Online Image

The art world’s general manoeuvring towards online exhibiting and selling because of physical distancing restrictions during the Covid-19 pandemic has seen increased use of digital technologies to communicate images of artwork to spectators prevented from physical viewing.

Artists employing such technologies to communicate their artwork may personally control the nature and quality of their images, whether those images are born digital or born physical and reformatted digitally. If, however, the original physical artwork is no longer in possession of the artist (whether having been sold, lent, consigned or donated), then whoever now possesses the artwork should ensure that any reformatting they intend to execute does not violate the artist’s legal rights of quality control via moral rights legislation.

Artist’s statutory moral rights are given by laws of most countries worldwide as soon as an artwork is created. Lawsuits concerning the exercise of such rights are rare. One was launched recently in the US that merits consideration.

Pat Lipsky is a New York City-based artist whose painting practice for the past six decades or so developed from critical recognition in the influential ‘Lyrical Abstraction’ touring exhibition, which concluded at the Whitney Museum of American Art in 1971, to being widely recognised now as a leading practitioner of the Color Field movement, with works collected by over 25 public-facing institutions across the US. Lipsky’s professional status as such an artist is a key element in her lawsuit.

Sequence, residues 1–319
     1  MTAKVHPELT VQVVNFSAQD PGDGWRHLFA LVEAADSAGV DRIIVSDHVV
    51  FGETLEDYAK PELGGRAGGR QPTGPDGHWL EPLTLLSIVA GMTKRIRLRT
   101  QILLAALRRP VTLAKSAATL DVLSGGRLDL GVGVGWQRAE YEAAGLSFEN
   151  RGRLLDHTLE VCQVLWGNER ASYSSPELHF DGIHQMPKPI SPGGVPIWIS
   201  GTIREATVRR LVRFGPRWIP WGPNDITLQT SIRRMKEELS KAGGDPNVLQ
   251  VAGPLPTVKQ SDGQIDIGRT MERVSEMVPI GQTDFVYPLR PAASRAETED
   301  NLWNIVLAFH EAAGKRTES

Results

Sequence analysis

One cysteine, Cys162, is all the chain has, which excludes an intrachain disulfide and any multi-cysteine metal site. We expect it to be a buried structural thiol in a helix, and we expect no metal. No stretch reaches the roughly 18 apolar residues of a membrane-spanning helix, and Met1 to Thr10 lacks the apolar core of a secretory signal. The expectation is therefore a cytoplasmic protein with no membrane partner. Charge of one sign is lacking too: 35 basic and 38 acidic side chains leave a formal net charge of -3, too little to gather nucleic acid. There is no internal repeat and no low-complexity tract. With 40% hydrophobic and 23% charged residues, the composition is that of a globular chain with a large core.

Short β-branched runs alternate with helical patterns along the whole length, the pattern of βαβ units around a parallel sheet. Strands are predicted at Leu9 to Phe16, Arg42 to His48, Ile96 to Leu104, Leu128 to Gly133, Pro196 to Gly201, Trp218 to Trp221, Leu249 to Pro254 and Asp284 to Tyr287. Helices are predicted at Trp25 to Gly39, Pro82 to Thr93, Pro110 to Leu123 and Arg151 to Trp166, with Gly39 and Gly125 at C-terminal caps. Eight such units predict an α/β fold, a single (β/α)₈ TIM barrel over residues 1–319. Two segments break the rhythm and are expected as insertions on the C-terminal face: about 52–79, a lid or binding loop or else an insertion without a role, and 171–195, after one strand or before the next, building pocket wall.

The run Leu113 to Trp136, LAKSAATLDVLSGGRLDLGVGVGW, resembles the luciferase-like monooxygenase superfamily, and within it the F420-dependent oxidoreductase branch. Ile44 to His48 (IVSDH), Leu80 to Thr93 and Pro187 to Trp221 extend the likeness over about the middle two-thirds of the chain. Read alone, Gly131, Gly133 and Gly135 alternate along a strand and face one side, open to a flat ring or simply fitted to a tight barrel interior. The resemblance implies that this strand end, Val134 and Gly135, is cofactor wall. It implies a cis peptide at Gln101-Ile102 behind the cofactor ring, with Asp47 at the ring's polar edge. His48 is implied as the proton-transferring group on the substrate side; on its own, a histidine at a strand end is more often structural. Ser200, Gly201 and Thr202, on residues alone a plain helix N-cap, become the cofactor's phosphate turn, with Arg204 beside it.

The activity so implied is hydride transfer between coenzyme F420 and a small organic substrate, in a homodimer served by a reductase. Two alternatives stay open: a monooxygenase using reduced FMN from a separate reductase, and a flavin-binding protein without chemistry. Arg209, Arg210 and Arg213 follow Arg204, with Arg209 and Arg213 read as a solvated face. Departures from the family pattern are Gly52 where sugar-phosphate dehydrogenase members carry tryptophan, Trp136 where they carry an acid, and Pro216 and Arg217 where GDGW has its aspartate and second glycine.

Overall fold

Spanierman Gallery is a New York City-based dealership that currently exhibits for sale the works of around 20 artists. Artspace is a New York City-based online platform exhibiting for sale contemporary artwork, which was subcontracted by Spanierman to market and sell a Lipsky painting, Bright Music II, 1969. Both art businesses are currently being sued by Lipsky for violating her statutory moral rights by publicly exhibiting distorted digital images of Bright Music II. The mistreatment Lipsky alleges is the digital lightening of colours beyond those of the physical original painting, and that such lightening damages her standing and reputation in the eyes of those who would recognise a significant lowering of the customary colour qualities of her paintings.

Lipsky’s suit further claims that the digital image both Spanierman and Artspace exposed to public view had been ‘digitally manipulated to disguise damage to the raw areas of the canvas, most likely due to moisture, mold, and or mishandling’, and that this digital treatment ‘grossly distorts the work’s overall color palette, substantially muting the colors of the work’s composition and making them appear chalky and lifeless’.

Spanierman and Artspace have now removed the contentious digital image from public view, yet Lipsky continues to sue for a court decision ordering Spanierman and Artspace to pay financial compensation for damage to the artist’s reputation resulting from violation of her statutory moral rights. Lipsky asserts that she saw ‘her painting sales drop’ following Spanierman’s online exposure in 2019 of the digitally manipulated image of Bright Music II (after the painting had been consigned to the gallery for exhibition and sale by the then owner).

The legal basis for Lipsky’s lawsuit is not US federal law, but a law enacted by the legislature of New York State that applies to acts or omissions occurring on or after 1 January 1985 within the territorial boundaries of that state: the New York Artists’ Authorship Rights Act 1984 (NYAARA). All parties to the lawsuit and the acts complained of are located within New York state.